Rotary dialer PIC interface using PIC16F877

Rotary dialer.

Rotary dialer PIC interface

I have found myself with an abundance of rotary phones. In fact, they’re everywhere I look. In hopes that I may someday see less of them, I’ve begun taking them apart and re-using the parts for other purposes. 

For some reason I got it into my brain that interfacing the rotary control with a PIC chip would be a good idea. I can only think of a couple of vague uses for it at the moment and none are particularly useful, but I hope to do something cool with this in the future.

Rotary dialer.

Go get stuff.

You will need: 

1 – Rotary phone
3 – 220 ohm resistors
2 – 0.1uF capacitors
2 – 20K resistor (can substitute anything between 10K and 47K)
2 – LEDs
1 – PIC development board (I used the Basic Micro development environment)
1 – 20 MHZ resonator or crystal
1 – Breadboard
1 – 5V power source
1 – A foot or so of hookup wire
1 – Screwdriver
1 – Wire stripper

Dissect the phone.

Open up your rotary phone. On the inside you will notice the few basic parts; the rotary dial, the ringer, two jacks, the hook switch and the basic circuitry which is usually encased in a metal junction-box-like thing. 

There will be four wires running from the rotary dialer to this junction-box-like thing. The wires should be held in place by little more than tightened screws. Loosen the screws and disconnect the wires.

After that, disconnect the rotary dialer from the phone itself.

Determine what the wires do.

Wire up two LEDs as shown in the diagram below. 

The two white wires should be the pair that closes the switch that lets you know when the dial is turned. The blue and green wire should be the pair that lets you know what number was dialed.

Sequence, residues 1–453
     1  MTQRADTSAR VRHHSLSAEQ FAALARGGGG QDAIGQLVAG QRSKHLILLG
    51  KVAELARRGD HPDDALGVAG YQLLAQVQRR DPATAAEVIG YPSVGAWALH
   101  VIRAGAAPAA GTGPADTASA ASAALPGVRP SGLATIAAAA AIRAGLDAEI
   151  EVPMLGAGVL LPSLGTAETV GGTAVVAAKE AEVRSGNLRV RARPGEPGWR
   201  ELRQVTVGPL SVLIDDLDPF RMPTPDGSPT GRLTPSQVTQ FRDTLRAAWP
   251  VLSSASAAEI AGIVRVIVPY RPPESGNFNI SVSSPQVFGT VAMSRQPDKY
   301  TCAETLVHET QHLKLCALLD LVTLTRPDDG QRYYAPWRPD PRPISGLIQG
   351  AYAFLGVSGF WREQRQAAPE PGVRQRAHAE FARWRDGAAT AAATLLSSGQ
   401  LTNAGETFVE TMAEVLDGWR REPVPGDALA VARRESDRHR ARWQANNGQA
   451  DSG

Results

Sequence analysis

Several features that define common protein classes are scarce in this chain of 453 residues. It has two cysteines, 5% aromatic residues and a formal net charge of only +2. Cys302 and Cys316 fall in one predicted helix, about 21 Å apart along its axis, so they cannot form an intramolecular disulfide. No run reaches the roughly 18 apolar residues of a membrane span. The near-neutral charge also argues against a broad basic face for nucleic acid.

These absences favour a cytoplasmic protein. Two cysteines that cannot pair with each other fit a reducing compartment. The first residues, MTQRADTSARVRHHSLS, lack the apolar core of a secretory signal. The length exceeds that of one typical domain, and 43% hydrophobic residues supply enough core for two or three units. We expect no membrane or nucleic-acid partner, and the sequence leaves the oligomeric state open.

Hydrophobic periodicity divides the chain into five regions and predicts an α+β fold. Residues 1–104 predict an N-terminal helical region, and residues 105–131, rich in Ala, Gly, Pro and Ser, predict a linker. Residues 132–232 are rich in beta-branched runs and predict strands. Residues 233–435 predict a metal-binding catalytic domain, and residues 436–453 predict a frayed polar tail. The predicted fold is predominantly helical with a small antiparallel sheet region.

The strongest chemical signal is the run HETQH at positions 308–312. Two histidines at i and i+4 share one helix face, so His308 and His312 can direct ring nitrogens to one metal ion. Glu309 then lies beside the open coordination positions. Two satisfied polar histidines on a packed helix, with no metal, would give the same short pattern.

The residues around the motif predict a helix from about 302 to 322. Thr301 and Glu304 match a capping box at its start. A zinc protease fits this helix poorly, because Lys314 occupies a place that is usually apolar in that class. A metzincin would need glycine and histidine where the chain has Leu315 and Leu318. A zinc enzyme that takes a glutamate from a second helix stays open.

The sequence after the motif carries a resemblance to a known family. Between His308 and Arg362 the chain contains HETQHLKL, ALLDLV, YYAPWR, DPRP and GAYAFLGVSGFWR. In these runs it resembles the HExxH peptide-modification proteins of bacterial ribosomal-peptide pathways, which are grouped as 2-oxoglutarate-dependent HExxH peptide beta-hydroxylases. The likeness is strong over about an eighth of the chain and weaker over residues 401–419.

As such, when you turn the dial, the LED connected to the white wires should turn on, and when you let go of the dial, the LED connected to the blue and green wires should blink on and off as many times as the number you dialed (see video).

For instance, if you dial 8, the LED connected to the green and blue wire will turn off and on 8 times. This happens because one way to dial a phone number is to rapidly break the connection the number of times for the digit you are trying to dial. So, again, to dial an 8 you would have to rapidly break the connection 8 times.

Connect the dialer to the PIC chip.

Connect the rotary dialer to the PIC chip as seen in the diagram. Notice that I am reading in the state of the rotary dialer by using RC-timing. In other words, the PIC chip is counting the number of times it takes for a capacitor to discharge (which changes when resistance is added).Schematic rotary switch1
That is where the 20K resistor comes in. Adding this to the input allows for a clear differentiation between the signal from a closed and open rotary switch connection.

To program the chip, I used the MBasic development environment available from Basic Micro. MBasic, quite simply, is a variation of Basic designed for use with PIC chips. It is easily convertible into a more universal (useful) language.

The code is essentially determining when someone has turned the dial and then does edge-detection on the signal (determining low-high transitions) until the dial recoils to its initial state. After tallying the number of times it measures a signal transition, it then blinks the LED accordingly.

For instance, if you dial 3, the PIC will count three low-high transitions and then blink an LED 3 times.

The LED, as you may have inferred, is unnecessary for this to operate and is just there to give you visible feedback. You can substitute any output device that you deem necessary.


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